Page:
I no longer have the fan for the temp sensor. Now I understand what the frame with the cylindrical cutout is for. Also, I understand what the other wires were that were chopped from the loom for the sensor. Why in the heck did someone do that?? 😖. Thanks for that info as well. I will have to try to find this on eBay or something.
 

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Premium Member
1997 P38 4.6 HSE
Joined
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14 Posts
Discussion Starter #6
You should refit that temperature sensor. It will give you correct interior temp control. It sits behind a little fan in the vent. When it's all working, shine a bright torch in the vent to see the blade spinning. You might need to oil the armature.

If you have springs and the 'EAS manual message' come up when you start then it's been bypassed correctly; look under the LHFR seat to see the EAS ECU with its large multi pin connector that should be unplugged with a couple of jumpers fitted.

That wiring looks pretty messy. I'd be working through it all and cleaning it up properly. Solder and heat shrink are your two new best friends. Follow that relay's outputs and see what they're powering. Get rid of it all if it's superfluous.

Tom
For entertainments sake, this was the state of wires when I received the truck

287497
 

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1995-2002 Range Rover P38A
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192 Posts
Magnificent!

Why not buy the new interior bits from a wrecker's? P38 interior parts are plentiful and low cost. You'll be much better off removing the whole fascia to get in there properly and clean it all up. That mess screams 'fire risk' to me.

Start with the window switch pack and work forward. It's all pretty easy to remove and replace. I'd be replacing that top fascia panel.

Tom
 

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Registered
1995-2002 Range Rover P38A
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169 Posts
As Tom says you should bet the EAS Manual message, so that is done correctly. The EAS switch on the dash should be disconnected (i.e. unplugged) unless you want those 4 lights looking at you all the time. I'm going to guess with all of your ferreting you have dislodged the connector off the 4 light switch, inadvertently disconnecting it.
 

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Premium Member
1997 P38 4.6 HSE
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14 Posts
Discussion Starter #9
Magnificent!

Why not buy the new interior bits from a wrecker's? P38 interior parts are plentiful and low cost. You'll be much better off removing the whole fascia to get in there properly and clean it all up. That mess screams 'fire risk' to me.

Start with the window switch pack and work forward. It's all pretty easy to remove and replace. I'd be replacing that top fascia panel.

Tom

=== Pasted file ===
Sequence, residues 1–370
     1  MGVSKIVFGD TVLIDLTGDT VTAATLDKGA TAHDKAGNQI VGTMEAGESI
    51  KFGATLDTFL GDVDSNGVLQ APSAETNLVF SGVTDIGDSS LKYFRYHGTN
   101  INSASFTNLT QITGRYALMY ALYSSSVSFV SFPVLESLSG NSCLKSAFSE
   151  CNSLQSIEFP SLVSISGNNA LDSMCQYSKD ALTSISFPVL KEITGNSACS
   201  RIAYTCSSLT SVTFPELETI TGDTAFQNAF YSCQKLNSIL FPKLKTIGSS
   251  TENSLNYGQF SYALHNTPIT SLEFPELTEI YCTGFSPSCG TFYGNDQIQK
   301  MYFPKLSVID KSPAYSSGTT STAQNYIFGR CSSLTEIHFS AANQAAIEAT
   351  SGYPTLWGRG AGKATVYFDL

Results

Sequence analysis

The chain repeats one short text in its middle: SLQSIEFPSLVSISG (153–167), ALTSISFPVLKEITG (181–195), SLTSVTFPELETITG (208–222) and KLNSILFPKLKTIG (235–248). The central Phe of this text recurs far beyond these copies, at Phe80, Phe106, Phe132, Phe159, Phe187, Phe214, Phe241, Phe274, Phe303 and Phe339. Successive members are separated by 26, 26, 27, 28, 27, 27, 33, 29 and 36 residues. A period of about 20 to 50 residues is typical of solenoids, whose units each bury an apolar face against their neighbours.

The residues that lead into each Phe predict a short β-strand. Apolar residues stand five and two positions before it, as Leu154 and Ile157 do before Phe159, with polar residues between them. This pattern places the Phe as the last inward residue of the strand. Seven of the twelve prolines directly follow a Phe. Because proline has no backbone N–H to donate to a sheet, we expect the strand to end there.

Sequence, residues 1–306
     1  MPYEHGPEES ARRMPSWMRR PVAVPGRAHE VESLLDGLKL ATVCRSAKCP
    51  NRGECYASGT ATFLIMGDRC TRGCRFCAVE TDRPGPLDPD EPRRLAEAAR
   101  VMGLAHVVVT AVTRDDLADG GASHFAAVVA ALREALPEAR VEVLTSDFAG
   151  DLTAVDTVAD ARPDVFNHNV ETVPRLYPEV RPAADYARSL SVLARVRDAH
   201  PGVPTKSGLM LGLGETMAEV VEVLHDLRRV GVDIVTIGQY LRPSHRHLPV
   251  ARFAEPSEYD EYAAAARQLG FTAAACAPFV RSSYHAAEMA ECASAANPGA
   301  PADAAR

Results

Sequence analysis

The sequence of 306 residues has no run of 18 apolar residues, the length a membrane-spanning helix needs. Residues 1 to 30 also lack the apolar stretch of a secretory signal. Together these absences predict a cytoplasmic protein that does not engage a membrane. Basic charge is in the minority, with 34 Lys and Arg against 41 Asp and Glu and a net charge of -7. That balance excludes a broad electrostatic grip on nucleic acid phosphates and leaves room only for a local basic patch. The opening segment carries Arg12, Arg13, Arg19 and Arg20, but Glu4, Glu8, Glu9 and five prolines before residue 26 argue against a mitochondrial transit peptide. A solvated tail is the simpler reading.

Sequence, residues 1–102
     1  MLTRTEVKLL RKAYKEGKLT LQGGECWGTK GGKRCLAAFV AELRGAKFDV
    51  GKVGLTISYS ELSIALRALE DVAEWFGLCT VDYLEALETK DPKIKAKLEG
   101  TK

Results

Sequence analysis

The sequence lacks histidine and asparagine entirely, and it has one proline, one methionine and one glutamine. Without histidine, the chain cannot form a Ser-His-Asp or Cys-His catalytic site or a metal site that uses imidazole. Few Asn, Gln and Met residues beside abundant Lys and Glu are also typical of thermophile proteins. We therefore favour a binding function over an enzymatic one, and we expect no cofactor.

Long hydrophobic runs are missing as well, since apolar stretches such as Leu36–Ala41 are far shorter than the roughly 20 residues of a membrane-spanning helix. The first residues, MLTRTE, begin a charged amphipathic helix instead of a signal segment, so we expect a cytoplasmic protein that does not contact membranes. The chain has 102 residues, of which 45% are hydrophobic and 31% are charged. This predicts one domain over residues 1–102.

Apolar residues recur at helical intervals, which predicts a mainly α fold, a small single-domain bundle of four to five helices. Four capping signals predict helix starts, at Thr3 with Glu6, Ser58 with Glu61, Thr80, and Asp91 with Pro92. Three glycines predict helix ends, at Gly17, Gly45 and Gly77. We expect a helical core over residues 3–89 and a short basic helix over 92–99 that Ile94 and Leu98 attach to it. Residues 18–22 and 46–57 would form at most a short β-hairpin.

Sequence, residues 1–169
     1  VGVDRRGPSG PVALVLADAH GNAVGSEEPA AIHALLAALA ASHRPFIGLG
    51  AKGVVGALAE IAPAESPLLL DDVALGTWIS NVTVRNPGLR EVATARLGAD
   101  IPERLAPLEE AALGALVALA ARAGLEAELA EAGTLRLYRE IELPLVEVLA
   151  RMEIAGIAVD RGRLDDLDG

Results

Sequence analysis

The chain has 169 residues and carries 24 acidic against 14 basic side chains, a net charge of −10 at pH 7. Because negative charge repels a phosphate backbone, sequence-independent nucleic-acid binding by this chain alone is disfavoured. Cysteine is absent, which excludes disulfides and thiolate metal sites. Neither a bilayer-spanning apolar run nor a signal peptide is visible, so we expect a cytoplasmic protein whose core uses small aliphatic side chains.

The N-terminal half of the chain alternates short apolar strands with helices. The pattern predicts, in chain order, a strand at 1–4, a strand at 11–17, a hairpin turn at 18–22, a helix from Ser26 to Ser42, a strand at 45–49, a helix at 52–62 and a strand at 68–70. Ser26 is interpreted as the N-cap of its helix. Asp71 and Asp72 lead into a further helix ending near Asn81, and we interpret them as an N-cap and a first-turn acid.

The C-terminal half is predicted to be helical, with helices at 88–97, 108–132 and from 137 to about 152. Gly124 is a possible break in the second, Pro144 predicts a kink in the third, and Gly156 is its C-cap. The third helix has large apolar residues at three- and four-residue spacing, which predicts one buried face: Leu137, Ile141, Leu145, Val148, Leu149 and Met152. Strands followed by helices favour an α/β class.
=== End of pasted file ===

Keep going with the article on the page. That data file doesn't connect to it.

Magnificent indeed :) Thanks for the mental redirect. I have had this perspective that there maybe were just not that many in the US and it would be hard to find parts. I was not able to find many examples of sales online to establish value, thus the perception. I also don't personally recall seeing many of these on the road in that era, but also wasn't on my radar. I was about to get into plastic welding to repair all the damage...
 

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Premium Member
1997 P38 4.6 HSE
Joined
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14 Posts
Discussion Starter #10
As Tom says you should bet the EAS Manual message, so that is done correctly. The EAS switch on the dash should be disconnected (i.e. unplugged) unless you want those 4 lights looking at you all the time. I'm going to guess with all of your ferreting you have dislodged the connector off the 4 light switch, inadvertently disconnecting it.
You are absolutely correct, sir. I did dislodge it and now regret reconnecting it this morning.

My major success of the day was "referring" a cabin blower motor to running condition this evening after seeing a post about stretching the brush springs. I followed the YouTube vid about repairing but didn't succeed due to worn brushes (not gone). After running the A/C with the second blower, it was in instant noticeable 2-3x improvement (not losing air pressure to the outside due to non-functioning blower), BUT after running through a couple damper changes via the HEVEC zone buttons, the additional pressure/cfm must have helped a flap move. It feels like Wizard of Oz comparatively now... like 8x what I had with one blower working.
 

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1995-2002 Range Rover P38A
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192 Posts
It all depends on what you want. While you've got the thing apart, you may as well fix it all up. That stereo installation is an abomination. Plenty of folk here who will help you get it right!

I can't abide anything that does not work properly. Is your book symbol on the HEVAC illuminated? While you've got the fascia off, attend to the blend and distribution motors and heater O-rings if they need it.

Do both fresh/recirculating motor flaps work properly - go from end to end without a loud click?

Don't discount the idea of the original radio (can be bought cheaply from a wrecker's) and have a new tablet feed into the CD input via the Grom kit or In Car Connections kit. It's a brilliant mod.

The original radio will fill the gaps up nicely too.

Depends on how far you want to go with it all.

Tom